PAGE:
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Corporal Punishment in School: More Evidence Shows Decline Across States

Two months after Education Week wrote about the prevalence of corporal punishment in schools, a new study gives more evidence that the practice is on the way out in schools.

An analysis of federal civil rights data in the journal Social Policy Reports found 163,333 students experienced physical punishment in school in 2011-12. That's roughly 50,000 more students than Education Week found in its own analysis of 2013-14 data. Arkansas, Alabama, and Mississippi led the states using the discipline; about half of students in those states attended schools that used corporal punishment in 2011-12.

Researchers Elizabeth Gershoff of the University of Texas at Austin and Sarah Font of Pennsylvania State University found boys, black students, and students with disabilities were all disproportionately likely to be paddled, spanked, or otherwise physically punished at school. Based on North Carolina data, the researchers found 63 percent of the incidents of corporal punishment were for disruptive behavior, including fighting, bullying, or disorderly conduct, while 37 percent were for demonstrating disrespect, misbehaving on the bus, inappropriate language, or other misbehaviors. If those sound overlapping, they are; from state to state and even district to district, physical discipline is used on a wide array of student offenses.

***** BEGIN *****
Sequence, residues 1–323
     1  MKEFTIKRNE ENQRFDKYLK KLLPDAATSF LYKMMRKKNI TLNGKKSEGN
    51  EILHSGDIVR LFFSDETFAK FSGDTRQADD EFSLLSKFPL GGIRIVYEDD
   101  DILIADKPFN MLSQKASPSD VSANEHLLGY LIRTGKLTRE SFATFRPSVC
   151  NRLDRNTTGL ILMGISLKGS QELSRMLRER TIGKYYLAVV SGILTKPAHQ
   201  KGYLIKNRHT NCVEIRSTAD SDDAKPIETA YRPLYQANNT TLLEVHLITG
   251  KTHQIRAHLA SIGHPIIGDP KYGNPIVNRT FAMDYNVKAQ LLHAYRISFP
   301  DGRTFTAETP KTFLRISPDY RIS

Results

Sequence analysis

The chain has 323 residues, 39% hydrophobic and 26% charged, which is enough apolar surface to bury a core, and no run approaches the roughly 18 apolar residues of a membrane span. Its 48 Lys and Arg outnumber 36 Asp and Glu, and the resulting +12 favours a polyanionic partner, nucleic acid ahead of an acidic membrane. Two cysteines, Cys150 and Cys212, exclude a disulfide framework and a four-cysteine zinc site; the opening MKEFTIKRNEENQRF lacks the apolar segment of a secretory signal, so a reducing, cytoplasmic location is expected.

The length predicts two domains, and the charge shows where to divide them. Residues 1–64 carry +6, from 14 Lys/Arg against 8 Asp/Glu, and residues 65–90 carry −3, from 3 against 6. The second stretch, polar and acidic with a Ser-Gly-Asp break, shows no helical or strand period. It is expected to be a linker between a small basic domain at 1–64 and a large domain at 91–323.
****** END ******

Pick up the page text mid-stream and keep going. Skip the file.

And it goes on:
The researchers also found more evidence of deep inequities in who gets punished. Boys were more likely to be disciplined physically than girls, with some districts hitting boys three times as often as girls. However, black and white girls with disabilities were more likely to experience corporal punishment than those without special needs.

For more on recent trends in corporal punishment, check out Education Week's analysis and check out a webinar later this month.


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